Understanding Entities in SEO

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Understanding Entities in SEO

An Entity, simple put from its dictionary definition is, “a thing with distinct and independent existence.” But for Google and other search engines, telling the difference between someone searching for “Buffalo” the State, and “Buffalo” the animal, has been troublesome.

The word getting tossed around the most with SEO specialists these days is “disambiguation”. Which is the act or process of distinguishing between similar things, meanings, names, etc., in order to make the meaning or interpretation of a word, more clear or certain.

Enter Google’s Rank Brain and Knowledge Graph …


With new technologies in machine learning and Natural Language Processing (NLP) Google can now start to understand the semantics or meaning behind words. The relationship of words and their connectedness helps Google to understand what searchers mean, when they preform a query. Getting things down to a concept that is singular will certainly help their search user experience.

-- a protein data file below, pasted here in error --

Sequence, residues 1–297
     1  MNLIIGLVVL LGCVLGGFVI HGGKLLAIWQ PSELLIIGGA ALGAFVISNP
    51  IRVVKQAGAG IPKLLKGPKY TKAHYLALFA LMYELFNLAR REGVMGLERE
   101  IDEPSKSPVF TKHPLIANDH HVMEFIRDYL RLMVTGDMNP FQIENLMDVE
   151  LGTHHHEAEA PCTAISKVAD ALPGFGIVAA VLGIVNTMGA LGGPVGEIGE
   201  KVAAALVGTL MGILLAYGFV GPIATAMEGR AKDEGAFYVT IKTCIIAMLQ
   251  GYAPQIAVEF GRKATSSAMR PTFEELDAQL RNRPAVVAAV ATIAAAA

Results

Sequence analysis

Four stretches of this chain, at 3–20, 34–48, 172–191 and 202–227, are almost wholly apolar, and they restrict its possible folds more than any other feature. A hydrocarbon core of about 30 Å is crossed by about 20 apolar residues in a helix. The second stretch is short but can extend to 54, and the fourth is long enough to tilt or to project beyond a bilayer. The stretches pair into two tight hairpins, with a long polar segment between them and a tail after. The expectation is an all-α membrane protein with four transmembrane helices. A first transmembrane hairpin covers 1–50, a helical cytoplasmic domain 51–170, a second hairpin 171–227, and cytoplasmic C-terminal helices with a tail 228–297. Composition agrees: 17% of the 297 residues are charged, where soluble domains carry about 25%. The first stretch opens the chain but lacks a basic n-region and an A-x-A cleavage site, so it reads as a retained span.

Google wants to make sure that it serves up the best answers for any keyword search being preformed. Getting rid of any incorrect results, will be a leap forward. Google has brought together a few entity databases (Freebase / Wikipedia) and has started to connect the dots between how they relate to one another. All this new meaning gets tied together in a “relationship model” called Google’s knowledge graph which can be a wealth of knowledge for both SEO’s and users.

Usually an entity will show up in a knowledge panel, with links to other content to help further help the search find the information they are looking for.

(see example below)

Why Do Entities Matter in SEO?

According to Bill Slawski (Who happens to be an entity) and thanks to his tireless work analyzing Google Patents, we know how fundamental entities are to knowledge panels and Google search.